To Bromsgrove tonight for the last scheduled performance of Someone Likes Yoghurt
. It's usually a bit sad when a show comes to an end, though at least with this year I might do some of the routines in stand up shows every now and again, though it's probably time to put the Pope bit to bed and the yoghurt routine is now so substantial it is pretty much impossible to do it in a normal club night.
I knew it hadn't sold well tonight so was anticipating an anti-climax, which would be a shame after the good run of the show this last month, but I was determined to do my best.
As I sat in my dressing room I listened to my walk in CD playing the last time. This is weirdly the most poignant thing about finishing a show. The walk in music (in this case a slightly re-jigged version of the Ben Folds album "Songs for Silverman") is the one constant in a show from start to finish and it's usually one of my main memories from a show. It conjures up memories of standing backstage in Edinburgh waiting to go on, feelings of excitement and anticipation. It's often my main memory of a show as time drags a bit before you go on and then flies by once you're performing.
The minute I walked on stage I felt it was going to be hard work tonight. The audience of 50 or so were spread out through the auditorium and the applause I got as I walked on was only polite. Usually there is a cheer or two or some excitement at least, but I sensed this was a crowd who weren't aware of my work and who maybe just come to everything at the venue. Looking out at them they certainly looked older on average than my usual audience. But it's hard to get an audience of this size going in any case and the yoghurt show does not really make any concessions or start with some easy gags to bring people in, it's just straight in with a strange Kipling based routine which many people might be confused by.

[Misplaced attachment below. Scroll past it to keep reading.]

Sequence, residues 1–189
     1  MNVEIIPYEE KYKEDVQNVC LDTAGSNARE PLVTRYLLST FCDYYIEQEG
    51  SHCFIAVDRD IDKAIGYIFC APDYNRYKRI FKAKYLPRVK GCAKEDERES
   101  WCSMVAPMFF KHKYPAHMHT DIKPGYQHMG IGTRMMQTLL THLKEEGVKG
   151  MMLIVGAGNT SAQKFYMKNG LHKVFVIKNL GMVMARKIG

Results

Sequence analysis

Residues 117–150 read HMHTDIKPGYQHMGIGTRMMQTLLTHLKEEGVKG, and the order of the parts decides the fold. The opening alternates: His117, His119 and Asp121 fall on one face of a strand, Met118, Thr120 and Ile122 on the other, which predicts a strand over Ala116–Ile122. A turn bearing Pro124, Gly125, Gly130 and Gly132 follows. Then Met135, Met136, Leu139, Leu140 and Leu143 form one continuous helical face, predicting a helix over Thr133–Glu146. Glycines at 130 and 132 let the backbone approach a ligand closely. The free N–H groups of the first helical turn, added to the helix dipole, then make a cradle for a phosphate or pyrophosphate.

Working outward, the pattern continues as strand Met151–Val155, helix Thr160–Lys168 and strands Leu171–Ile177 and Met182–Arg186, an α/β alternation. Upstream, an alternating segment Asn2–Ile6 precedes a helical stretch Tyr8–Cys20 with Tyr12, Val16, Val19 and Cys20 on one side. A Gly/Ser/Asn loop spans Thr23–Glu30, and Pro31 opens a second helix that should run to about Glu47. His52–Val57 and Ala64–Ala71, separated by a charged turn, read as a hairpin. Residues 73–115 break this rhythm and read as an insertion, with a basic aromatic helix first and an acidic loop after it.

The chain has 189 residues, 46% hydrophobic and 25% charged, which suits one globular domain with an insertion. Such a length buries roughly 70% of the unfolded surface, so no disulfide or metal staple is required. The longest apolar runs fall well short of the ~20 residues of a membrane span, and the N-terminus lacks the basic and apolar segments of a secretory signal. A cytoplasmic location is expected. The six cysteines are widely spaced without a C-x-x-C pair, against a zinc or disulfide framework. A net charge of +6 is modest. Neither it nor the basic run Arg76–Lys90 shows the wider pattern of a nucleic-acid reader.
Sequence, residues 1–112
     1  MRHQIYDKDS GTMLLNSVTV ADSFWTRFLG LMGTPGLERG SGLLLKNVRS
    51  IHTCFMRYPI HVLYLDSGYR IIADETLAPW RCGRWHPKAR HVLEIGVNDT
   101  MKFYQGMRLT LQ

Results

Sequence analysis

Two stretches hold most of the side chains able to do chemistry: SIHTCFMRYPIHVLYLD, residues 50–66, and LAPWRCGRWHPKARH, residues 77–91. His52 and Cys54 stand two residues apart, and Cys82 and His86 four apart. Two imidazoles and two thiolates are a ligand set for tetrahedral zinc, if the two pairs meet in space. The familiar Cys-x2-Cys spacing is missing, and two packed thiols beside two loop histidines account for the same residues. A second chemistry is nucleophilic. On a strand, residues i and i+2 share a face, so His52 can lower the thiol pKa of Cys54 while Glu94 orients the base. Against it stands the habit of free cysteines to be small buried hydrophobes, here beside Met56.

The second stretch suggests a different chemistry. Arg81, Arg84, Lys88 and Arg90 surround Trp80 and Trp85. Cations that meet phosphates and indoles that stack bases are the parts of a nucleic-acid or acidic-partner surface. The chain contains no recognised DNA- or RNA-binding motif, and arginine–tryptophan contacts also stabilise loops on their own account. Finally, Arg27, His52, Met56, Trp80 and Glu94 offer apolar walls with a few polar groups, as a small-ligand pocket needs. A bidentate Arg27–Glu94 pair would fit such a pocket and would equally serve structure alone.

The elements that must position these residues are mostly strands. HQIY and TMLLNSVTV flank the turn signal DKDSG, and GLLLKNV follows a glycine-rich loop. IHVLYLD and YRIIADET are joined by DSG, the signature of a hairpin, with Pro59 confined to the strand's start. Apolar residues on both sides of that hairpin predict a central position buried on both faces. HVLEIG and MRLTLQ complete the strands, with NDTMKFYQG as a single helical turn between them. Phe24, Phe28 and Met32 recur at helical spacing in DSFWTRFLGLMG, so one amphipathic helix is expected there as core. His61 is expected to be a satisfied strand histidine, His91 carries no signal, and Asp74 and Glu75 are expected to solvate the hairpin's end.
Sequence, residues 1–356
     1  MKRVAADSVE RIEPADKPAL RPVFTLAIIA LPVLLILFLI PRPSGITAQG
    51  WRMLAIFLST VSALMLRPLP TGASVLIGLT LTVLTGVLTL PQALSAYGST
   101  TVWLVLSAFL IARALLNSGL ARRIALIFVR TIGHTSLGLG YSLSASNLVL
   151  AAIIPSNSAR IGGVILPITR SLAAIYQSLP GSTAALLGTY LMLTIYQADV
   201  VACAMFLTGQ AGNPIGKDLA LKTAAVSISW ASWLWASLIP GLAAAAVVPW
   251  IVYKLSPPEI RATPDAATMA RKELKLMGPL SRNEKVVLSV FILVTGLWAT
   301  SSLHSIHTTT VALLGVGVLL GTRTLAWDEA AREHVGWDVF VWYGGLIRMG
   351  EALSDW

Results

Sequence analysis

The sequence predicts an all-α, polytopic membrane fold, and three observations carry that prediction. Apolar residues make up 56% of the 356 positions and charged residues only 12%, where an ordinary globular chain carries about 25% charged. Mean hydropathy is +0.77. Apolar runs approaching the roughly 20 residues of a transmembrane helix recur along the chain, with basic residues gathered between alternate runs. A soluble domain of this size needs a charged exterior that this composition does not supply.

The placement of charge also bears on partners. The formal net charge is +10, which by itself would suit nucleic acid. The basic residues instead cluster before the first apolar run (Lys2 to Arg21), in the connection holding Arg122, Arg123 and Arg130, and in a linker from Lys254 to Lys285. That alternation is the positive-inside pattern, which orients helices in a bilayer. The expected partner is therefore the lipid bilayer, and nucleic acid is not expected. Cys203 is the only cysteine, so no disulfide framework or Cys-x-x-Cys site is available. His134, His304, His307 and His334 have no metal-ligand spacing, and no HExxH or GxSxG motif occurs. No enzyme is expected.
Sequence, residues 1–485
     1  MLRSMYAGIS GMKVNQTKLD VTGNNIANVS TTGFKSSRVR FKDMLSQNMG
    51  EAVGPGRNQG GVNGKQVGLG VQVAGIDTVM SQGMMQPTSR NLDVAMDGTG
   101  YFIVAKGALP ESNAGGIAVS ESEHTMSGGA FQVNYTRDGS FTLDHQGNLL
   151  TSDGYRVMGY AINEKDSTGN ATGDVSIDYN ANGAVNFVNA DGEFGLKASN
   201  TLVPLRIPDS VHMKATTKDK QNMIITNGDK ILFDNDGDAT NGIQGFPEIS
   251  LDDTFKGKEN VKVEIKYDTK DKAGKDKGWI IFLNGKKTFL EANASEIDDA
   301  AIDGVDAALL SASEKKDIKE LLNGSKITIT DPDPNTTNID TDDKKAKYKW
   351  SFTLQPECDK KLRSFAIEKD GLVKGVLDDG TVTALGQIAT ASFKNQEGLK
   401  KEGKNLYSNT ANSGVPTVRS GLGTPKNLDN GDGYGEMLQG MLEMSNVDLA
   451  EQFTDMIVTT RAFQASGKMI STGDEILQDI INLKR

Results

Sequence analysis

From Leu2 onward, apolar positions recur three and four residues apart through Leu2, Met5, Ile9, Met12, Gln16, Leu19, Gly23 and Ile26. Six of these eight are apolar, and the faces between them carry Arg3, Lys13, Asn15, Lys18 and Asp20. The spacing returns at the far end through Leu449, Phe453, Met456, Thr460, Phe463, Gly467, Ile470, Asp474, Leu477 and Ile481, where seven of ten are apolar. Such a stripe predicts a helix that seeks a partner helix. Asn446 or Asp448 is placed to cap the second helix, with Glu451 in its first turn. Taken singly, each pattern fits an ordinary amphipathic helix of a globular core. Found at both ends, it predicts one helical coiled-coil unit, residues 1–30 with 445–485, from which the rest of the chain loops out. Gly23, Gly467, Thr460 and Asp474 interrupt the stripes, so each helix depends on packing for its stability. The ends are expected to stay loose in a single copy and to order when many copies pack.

It certainly seemed that way in Bromsgrove tonight and it wasn't the swansong that I had been hoping for. A couple of men left fairly early, obviously through boredom rather than offence and others clearly weren't enjoying it. I tried my best to liven things up, but found myself making tiny annoying errors and stumbling over my words, which was an annoying way to say goodbye to the material.
It was OK and some people were going for it, but it was like wading through a bath of very treacly yoghurt at times. I took the piss out of myself and the situation a bitm which helped things along, but it just felt like a pity to end like this. Maybe it was sort of fitting that this strange and unpredictable show should expire in this way. But I can't help feeling like it's another interesting and funny show that has faded away without making the impact that it deserves. If history remembers it at all (which clearly it won't) it will only be as the Daily Telegraph Worst Comedy Experience of 2005.
The second half did go much better, though I still made some annoying slips. A few of the bored people had gone and the others seemed to have warmed to me more. A white haired old woman in the sixth or seventh row was still there, even though I had confidentally predicted at the end of the first half that she would leave. My expectations had been subverted and I realised that even though this weren't my normal audience they were still getting something out of it.
It's been a good year and I am proud of this show. It's going to be nice to move on and see what the next show brings - though I am at the point where I don't know what the next show will be, which is scary. I think things are moving in the right direction and am confident that I can retain my Daily Telegraph title. Move forward. Don't look back.